Another important way to relate to the saints is as a companion. By reading their stories we feel their companionship, that these were people who lived a human life, and whose examples offer us encouragement. Prayer to the saints is a really important part of my life, and, like any lifelong Catholic, whenever I lose something, I still pray to St. Anthony. Beyond that, whenever I struggle with something that I know one of the saints struggled with, I pray to that saint. For example, whenever I’m sick, I think about Therese of Lisieux and how she dealt with sickness, and I pray to her. When I’m struggling with pride I pray to Thomas Merton, because I know he struggled with the same thing. Whenever I struggle with just my own weakness and sinfulness I pray to St. Peter, who certainly understood that.
I see the saints both as patrons and companions, as wonderfully rich models for Christians today, and people are hungry for examples of sanctity. People are naturally drawn to holiness. That’s why people were naturally drawn to Mother Teresa and Dorothy Day, to Pope John XXIII and Pope John Paul II. The more I read about the saints, the more I realize why it was natural that people were attracted to Jesus in such numbers. Knowing how people were attracted to Mother Teresa in our time, imagine what it would be like to be around Jesus.
BH: Some of the more well-known saints have these well-loved, somewhat shopworn legends connecedt to their lives, like the association of St. Therese with roses or St. Patrick with the shamrock. How can we grow in our relationship with them in a way that goes beyond these cute stories?
JM: Sometimes it’s good to realize that the legends are great symbols for something important in the saints’ lives. For example, the quote from Therese where she says “After my death I will let fall a shower of roses.” is very similar to her quote where she says “I will spend my time in heaven doing good on earth.” Whether people associate the experience of roses or the smell of roses with Therese, it’s those quotes that are symbolic of what she was all about, which was loving and helping people.
It’s the same with St. Francis. There are a lot of legendary stories of him preaching to the birds—in one story he tells them they need to stop chirping because they’re disturbing people during Mass. There’s another story where he preaches to the fish, and they line up in the ocean to hear him. Those legends are clearly apocryphal, but they show in a very charming way Francis’ obvious love for nature, which was so strong it led these stories to be passed on from generation to generation.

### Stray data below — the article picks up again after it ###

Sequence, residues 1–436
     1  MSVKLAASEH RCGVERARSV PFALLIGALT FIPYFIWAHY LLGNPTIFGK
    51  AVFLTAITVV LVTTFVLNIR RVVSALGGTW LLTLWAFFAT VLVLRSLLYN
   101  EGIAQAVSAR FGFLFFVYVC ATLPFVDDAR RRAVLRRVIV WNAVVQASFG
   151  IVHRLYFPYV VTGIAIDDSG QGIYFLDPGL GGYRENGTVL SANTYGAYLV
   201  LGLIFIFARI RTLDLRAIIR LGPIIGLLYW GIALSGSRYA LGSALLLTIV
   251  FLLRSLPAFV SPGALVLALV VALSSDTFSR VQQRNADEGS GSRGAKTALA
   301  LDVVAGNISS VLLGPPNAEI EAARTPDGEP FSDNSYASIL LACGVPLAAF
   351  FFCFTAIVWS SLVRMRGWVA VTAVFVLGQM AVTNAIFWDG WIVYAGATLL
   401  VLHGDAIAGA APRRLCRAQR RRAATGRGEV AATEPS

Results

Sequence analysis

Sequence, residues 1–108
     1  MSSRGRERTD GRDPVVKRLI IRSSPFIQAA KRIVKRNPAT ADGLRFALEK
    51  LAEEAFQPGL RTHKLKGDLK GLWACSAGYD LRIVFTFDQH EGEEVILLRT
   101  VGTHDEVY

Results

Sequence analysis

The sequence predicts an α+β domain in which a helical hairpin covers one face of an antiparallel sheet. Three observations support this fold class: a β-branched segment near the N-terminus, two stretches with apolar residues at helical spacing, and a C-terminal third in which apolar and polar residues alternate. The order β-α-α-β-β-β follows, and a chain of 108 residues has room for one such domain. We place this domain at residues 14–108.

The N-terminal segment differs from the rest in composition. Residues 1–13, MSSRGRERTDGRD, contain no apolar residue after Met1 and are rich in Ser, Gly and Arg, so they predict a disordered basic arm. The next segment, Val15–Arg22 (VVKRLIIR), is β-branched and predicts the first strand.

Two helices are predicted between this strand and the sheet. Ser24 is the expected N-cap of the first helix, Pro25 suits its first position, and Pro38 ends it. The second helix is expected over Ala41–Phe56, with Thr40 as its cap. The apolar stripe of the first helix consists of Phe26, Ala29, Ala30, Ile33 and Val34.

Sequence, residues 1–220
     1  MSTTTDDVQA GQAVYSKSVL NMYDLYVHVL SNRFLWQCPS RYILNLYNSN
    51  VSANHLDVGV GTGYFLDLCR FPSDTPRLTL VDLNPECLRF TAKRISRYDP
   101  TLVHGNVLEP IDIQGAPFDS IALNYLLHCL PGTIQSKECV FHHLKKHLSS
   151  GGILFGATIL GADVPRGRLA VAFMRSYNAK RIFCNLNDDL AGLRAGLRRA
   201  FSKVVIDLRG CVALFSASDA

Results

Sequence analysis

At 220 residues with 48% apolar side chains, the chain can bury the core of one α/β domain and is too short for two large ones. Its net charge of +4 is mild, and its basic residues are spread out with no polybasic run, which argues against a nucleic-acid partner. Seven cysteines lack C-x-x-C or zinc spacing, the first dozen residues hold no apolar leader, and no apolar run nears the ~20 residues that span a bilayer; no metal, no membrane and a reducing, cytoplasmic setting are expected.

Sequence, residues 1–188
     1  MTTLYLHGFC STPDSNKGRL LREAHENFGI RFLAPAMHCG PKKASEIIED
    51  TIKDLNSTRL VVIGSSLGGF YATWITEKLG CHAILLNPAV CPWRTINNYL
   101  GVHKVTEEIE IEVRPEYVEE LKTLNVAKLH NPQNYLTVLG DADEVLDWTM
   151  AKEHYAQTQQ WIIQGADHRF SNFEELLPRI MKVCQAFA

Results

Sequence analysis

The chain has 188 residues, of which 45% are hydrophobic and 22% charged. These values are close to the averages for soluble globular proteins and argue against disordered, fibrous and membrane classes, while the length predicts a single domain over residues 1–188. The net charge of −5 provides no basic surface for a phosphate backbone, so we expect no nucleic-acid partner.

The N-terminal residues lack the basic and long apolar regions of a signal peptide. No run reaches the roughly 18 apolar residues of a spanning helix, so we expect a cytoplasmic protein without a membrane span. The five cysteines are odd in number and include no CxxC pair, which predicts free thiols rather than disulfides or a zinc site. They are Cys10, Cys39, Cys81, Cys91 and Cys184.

There are these very beautiful myths about real life people, but I don’t think the legend should ever obscure the person. If we only think of Francis as a goofy well-meaning guy who talked to birds, it means his radical example of radical Christianity would be so sugar-coated it would become meaningless.
BH: One last question: I heard on NPR that you gave up popsicles, pumpkin seeds and meatballs for Lent. How’s that going?
JM: When I was in college my roommates decided it was clearly too easy to decide for yourself what to give up for Lent, so they took matters into their own hands. For the last 20 years, one of my roommates has called me up every Ash Wednesday and has given me penances. Some have been difficult, and some have been sort of frivolous. This year he gave me those three things, and the next week I was doing a retreat at a Jesuit retreat house in Gloucester, Massachusetts, and I was watching t.v. with one of my favorite elderly Jesuits, and he said ‘Why don’t you get us some snacks.’ When I went to the fridge and opened up the freezer, the only thing there was popsicles. And the next day at lunch, the soup they served had little meatballs in it! So, this has been a little harder than I thought.
But I always tell people that my Lenten penances are more spiritual because they come from outside of me!